Rachel Anne McAdams (born November 17, 1978) is a Canadian actress. After graduating from a four-year theatre program at York University in 2001, she initially worked in Canadian television and film productions such as the drama film Perfect Pie (2002) (for which she received a Genie Award nomination), the comedy film My Name Is Tanino (2002), and the comedy mini-series Slings and Arrows (for which she won a Gemini Award). In 2002, she made her Hollywood film debut in the comedy The Hot Chick. McAdams found fame in 2004, with the character of Regina George in the comedy Mean Girls and with her performance in the romantic drama The Notebook. In 2005, she starred in the romantic comedy Wedding Crashers, the psychological thriller Red Eye, and the family comedy-drama The Family Stone. She was hailed by the media as Hollywood’s new “it girl”, and received a BAFTA nomination for Best Rising Star.
After a two-year career break, McAdams appeared in two limited release films in 2008; the film noir Married Life and the road trip comedy-drama The Lucky Ones. She returned to prominence in 2009 by appearing in the political thriller State of Play, the science-fiction romantic drama The Time Traveler’s Wife and the mystery/action-adventure film Sherlock Holmes. In 2010, McAdams appeared in her first star vehicle, the comedy Morning Glory. In 2011, she starred in Woody Allen’s romantic comedy Midnight in Paris and reprised her role in the mystery/action-adventure sequel Sherlock Holmes: A Game of Shadows. She next starred in the romantic drama The Vow (2012) and the romantic comedy About Time (2013). In 2015, her most high-profile roles were in season two of HBO’s crime drama True Detective, and as journalist Sacha Pfeiffer in Spotlight. For her performance in Spotlight, she received nominations for the SAG Award, Critics’ Choice Award, and Academy Award for Best Supporting Actress.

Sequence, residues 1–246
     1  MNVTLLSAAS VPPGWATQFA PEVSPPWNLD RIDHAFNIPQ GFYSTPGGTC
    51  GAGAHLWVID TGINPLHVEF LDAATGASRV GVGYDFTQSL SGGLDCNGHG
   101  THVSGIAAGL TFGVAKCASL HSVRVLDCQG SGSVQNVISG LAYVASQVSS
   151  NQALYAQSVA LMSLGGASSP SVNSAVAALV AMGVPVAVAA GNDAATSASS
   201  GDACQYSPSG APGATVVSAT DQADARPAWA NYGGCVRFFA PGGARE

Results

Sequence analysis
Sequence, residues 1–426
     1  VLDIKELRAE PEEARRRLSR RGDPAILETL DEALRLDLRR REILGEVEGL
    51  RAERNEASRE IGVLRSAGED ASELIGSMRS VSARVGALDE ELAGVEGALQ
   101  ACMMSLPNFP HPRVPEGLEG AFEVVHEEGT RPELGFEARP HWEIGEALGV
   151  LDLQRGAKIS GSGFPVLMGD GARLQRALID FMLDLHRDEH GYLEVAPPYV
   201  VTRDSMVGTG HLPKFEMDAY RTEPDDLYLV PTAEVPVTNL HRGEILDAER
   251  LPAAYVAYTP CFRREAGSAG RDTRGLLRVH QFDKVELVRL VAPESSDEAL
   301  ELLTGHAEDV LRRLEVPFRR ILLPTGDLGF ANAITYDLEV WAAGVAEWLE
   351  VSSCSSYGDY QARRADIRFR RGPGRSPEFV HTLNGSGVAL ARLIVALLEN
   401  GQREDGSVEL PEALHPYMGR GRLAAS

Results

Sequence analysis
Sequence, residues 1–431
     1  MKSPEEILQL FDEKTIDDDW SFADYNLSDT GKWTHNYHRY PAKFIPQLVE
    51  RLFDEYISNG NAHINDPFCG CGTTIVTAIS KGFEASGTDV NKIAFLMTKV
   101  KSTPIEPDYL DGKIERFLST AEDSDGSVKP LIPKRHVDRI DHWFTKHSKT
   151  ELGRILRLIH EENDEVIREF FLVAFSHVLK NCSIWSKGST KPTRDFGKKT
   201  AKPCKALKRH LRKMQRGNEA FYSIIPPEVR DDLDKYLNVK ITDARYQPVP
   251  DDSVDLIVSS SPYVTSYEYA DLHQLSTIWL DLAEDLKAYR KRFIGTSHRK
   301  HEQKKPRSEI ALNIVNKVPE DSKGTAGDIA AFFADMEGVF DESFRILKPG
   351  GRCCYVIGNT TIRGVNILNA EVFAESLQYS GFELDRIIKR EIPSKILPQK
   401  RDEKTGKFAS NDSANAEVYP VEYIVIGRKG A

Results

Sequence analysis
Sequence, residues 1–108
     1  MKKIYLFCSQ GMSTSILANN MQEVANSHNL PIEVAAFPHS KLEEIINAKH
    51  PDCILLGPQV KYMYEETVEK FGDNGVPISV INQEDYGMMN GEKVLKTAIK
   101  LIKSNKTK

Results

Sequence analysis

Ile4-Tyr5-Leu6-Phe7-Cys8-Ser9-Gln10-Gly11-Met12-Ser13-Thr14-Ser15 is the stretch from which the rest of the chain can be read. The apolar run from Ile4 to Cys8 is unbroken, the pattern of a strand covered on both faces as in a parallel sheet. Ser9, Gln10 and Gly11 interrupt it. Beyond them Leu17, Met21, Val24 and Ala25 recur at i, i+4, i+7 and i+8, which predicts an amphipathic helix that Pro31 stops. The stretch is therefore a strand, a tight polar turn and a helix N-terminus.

- 1 Early life
- 2 Career
- 2.1 2001–05: Early work
- 2.2 2004–05: Breakthrough
- 2.3 2006–08: Career break and low-profile return
- 2.4 2009–10: Return to mainstream studio films
- 2.5 2011–14: Roles in big-name auteur projects
- 2.6 2015–present: Academy Award nomination
- 3 Philanthropy
- 3.1 Environmental activism
- 3.2 Other causes
- 4 Personal life
- 5 Filmography
- 5.1 Film
- 5.2 Television
- 6 Awards and nominations
- 7 References
- 8 External links
McAdams was born in London, Ontario, to Sandra Kay (née Gale), a nurse, and Lance Frederick McAdams, a retired truck driver and furniture mover, and grew up in nearby St. Thomas. She is of English, Irish, Scottish, and Welsh descent; McAdams’ maternal fifth great-grandfather, James Gray, was a Loyalist ranger during the American Revolution and fled to Canada after the Battles of Saratoga. McAdams is the eldest of three children with a sister, Kayleen, a celebrity make-up artist, and a brother, Daniel. When she was four years old, she began figure skating, but turned down an opportunity to move to Toronto when she was nine years old for pair skating training. Then skating became merely “a hobby”. She competed in skating until the age of eighteen, winning regional awards. She has since said that skating prepared her for physical acting, because it trained her to be “in tune” with her body. McAdams was educated at Myrtle Street Public School, and later Central Elgin Collegiate Institute. She did not enjoy academic work and often would pretend to be sick to avoid going to school. Nonetheless, she was active in student life. In addition to playing sports (including volleyball, badminton, and soccer), McAdams served on the student council, participated in the Crimestoppers program, and was a member of the Peer Helping Team. She worked at a McDonald’s restaurant during the summer holidays for three years.